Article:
There were rumours swirling around media conglomerates yesterday that the CBC is on the verge of losing the rights to broadcast Canadian Football League games starting in 2008.
According to reports, a long-term agreement between the CFL and The Sports Network is nearly complete that would give TSN exclusive television rights that it would in turn share with CTV -- both part of the Bell Globemedia empire.
Calls to CBC yesterday about the proposed deal were met with a "no comment."
Phil King, TSN's president and CEO, would not comment on the story, either, and the network's senior publicist, Andrea Goldstein, said there would be no further statement on the alleged deal.
"We do not comment on industry speculation, nor do we discuss future program strategies," Goldstein said.
CFL director of communications Perry Lefko would confirm only that talks with TSN are ongoing.
"The CFL and TSN have been negotiating a new deal to replace the one that is set to expire at the end of next year," Lefko said.
Lefko said TSN has first right of refusal on any new television package.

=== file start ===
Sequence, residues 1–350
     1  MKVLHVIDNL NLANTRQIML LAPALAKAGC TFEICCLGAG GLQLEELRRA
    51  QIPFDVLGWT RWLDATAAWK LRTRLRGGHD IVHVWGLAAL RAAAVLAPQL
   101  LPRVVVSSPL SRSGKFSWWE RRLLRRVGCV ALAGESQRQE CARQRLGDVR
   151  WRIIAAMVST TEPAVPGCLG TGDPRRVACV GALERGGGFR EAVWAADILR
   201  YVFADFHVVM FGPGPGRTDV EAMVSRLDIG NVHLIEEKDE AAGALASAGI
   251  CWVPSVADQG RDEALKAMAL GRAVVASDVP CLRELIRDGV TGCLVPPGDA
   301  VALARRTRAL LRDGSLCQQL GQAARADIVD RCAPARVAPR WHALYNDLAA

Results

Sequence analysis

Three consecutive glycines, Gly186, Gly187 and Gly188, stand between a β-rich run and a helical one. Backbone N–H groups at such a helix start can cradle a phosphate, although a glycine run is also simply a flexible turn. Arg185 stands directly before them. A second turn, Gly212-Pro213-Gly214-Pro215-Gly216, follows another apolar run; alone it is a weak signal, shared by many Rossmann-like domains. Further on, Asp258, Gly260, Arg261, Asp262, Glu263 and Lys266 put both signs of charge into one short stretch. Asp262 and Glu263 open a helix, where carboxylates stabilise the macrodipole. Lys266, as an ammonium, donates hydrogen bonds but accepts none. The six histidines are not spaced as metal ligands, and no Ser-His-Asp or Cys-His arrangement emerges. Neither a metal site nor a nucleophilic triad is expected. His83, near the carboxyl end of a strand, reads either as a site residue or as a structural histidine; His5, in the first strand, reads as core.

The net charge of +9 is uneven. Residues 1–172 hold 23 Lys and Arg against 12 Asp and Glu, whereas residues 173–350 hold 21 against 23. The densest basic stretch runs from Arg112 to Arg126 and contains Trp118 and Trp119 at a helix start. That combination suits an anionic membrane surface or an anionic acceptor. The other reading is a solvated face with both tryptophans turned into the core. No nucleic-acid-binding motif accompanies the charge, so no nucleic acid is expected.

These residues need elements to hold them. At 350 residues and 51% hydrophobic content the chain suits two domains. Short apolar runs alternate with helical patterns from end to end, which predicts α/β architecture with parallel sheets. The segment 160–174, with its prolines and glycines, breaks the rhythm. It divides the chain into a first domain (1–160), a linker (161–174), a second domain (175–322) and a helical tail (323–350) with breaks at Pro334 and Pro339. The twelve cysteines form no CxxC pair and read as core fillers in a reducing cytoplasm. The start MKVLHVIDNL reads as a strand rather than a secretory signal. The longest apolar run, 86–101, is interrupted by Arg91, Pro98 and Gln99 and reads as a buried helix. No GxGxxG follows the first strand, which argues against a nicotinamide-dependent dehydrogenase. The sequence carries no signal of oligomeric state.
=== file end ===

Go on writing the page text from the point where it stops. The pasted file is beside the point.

The previous time a private broadcaster attempted to corral CFL rights was in the early 1960s when the federal government stepped in to force CTV to share the broadcasting duties with the state-owned CBC.
The line of the week in Toronto radio has to go to the Fan 590's mid-morning host, Mike Hogan.
On Wednesday, Hogan was previewing the afternoon lineup at the all-sports radio station that would follow Hockey Central.
"Chuck Swirsky will be filling in on the Roger Lajoie Show at 1 p.m.," Hogan said dryly in reference to Swirsky's frequent afternoon absences to cover the NBA's Raptors for television.
This column was guilty of a grievous error on Tuesday when it described a feature by Hockey Night In Canada contributor Scott Morrison as being about the death of Ottawa Senators defenceman Wade Redden's mom.
While Redden's mom did pass away from cancer last season, the story was in fact about Senators winger Chris Neil, whose mom was killed in a car crash.